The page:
This is an entrepreneur who is unlikely to miss a trend, as she demonstrated in 2014 when her phone started ringing with offers to buy or invest in her business. She and Barry knew this was the time to sell. "That energy starts happening, and people from Fortune 500 companies want to meet with you and see what you're up to," says Beck.
After all, this had happened before, in 2006, when Bluemercury had 12 stores. Then, it ended up with a private equity deal that took the company to 60 stores. This time, the opportunity would be bigger. Bluemercury had options. It could strike another private equity deal, with the goal of taking the company public. Or the Becks could find a strategic partner that would likely buy Bluemercury outright. Reasoning that they wanted to keep scaling their business, and that they could benefit from a partner with greater resources and expertise, the co-founders sold Bluemercury to Macy's in 2015 for $210 million.
"When we looked at the whole landscape, Macy's was so strong in their core retail and omnichannel capabilities," says Beck. That might not seem obvious, given that last summer Macy's announced that it would close about 100 stores and lay off 10,000 people. The shift to online shopping has forced Macy's, like many other retailers, to restructure. But Beck was confident, as she is now, that Macy's, one of the largest online retailers, could accelerate Bluemercury's growth. With help from Macy's, for instance, Bluemercury updated and relaunched its website in nine months--far faster than it could have done on its own. Beck also points to the Macy's West Coast innovation lab, where the retailer is constantly experimenting with new technologies. Plus, she says, "they are an amazing team of operators. They're nice people, and they're incredible at execution."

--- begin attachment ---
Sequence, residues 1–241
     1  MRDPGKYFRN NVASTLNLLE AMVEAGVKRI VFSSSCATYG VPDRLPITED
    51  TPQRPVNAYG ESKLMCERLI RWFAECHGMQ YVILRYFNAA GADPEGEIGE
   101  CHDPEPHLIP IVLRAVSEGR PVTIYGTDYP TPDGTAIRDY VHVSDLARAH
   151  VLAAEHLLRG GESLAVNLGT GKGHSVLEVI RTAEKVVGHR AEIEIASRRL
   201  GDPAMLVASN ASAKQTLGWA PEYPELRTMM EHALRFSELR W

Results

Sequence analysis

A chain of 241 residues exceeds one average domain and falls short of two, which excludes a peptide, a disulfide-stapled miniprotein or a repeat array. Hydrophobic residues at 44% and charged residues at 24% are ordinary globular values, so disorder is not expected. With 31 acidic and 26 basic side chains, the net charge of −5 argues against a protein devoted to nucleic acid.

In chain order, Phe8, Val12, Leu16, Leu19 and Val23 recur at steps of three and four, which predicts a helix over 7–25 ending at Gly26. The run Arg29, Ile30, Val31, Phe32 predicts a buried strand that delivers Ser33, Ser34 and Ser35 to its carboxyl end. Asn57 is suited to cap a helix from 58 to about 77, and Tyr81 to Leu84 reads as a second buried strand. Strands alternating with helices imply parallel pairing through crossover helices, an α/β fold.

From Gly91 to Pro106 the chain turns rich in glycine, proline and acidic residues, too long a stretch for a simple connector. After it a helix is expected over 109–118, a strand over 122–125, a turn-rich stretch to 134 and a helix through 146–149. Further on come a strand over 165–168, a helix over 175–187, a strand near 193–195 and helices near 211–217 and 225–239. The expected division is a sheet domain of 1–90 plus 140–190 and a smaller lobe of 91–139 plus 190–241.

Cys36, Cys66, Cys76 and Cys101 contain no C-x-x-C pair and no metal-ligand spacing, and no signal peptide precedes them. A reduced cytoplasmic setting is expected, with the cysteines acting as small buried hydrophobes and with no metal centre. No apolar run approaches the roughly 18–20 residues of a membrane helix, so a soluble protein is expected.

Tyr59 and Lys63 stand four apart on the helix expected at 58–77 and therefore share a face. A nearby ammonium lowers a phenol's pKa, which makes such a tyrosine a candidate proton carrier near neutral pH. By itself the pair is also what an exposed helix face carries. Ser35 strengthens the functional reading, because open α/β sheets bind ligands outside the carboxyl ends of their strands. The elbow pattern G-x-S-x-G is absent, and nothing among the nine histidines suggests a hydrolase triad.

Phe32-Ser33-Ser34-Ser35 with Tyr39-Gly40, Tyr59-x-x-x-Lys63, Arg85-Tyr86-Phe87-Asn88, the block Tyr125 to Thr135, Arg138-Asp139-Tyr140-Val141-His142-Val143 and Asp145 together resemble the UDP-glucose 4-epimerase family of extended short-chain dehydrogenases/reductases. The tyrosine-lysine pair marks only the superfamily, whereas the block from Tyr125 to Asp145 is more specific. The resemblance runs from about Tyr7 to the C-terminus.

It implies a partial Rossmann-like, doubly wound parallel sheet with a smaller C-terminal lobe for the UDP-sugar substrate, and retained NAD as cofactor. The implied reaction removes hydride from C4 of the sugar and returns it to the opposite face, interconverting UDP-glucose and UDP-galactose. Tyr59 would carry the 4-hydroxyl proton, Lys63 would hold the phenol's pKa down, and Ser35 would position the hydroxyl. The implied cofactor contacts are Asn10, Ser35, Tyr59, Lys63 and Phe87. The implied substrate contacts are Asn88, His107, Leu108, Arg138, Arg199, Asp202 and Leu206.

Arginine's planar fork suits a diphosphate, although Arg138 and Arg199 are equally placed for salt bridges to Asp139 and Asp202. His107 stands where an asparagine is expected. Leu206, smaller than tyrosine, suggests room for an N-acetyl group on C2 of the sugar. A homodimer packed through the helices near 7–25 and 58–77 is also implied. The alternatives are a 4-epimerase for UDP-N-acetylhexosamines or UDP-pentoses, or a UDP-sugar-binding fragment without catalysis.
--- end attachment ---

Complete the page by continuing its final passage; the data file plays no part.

For Macy's, the rationale is similarly compelling: Fifteen years ago, about 90 percent of prestige cosmetics were sold in department stores, says Beck. By 2014, it was 60 percent, and still sinking. "The structure of the industry changed," says Beck. "If their clients were shopping in specialty channels, then they wanted to be part of that." Macy's CEO Terry Lundgren says that the idea of selling prestige cosmetics in a specialized way is hugely appealing. "A lot of our stores aren't going to do enough volume to build a counter and add full-time staff for a particular brand," he says. The Bluemercury model, with sales staff trained to sell multiple brands, solves that problem for Macy's.
The day the deal was announced, Beck did a call with her entire staff, who gave it decidedly mixed reviews. Employees worried about losing Bluemercury's family feel. The Bluemercury sales staff are year-round employees, and well aware that most department store makeup counters are staffed largely by part-timers and seasonal workers. But Lundgren had assured the Becks that Bluemercury would still be independent, as they wanted. "The idea was that they wanted to keep us running in our lane, and we could learn from each other," says Beck. By and large, the employees stayed. Their jobs and hours didn't change, and the Macy's benefits package was more generous than Bluemercury could have afforded on its own. While Macy's shrinks its footprint, Bluemercury is expanding quickly; it added 40 stores in 2016 and plans another 32 this year. That creates more opportunities to promote people.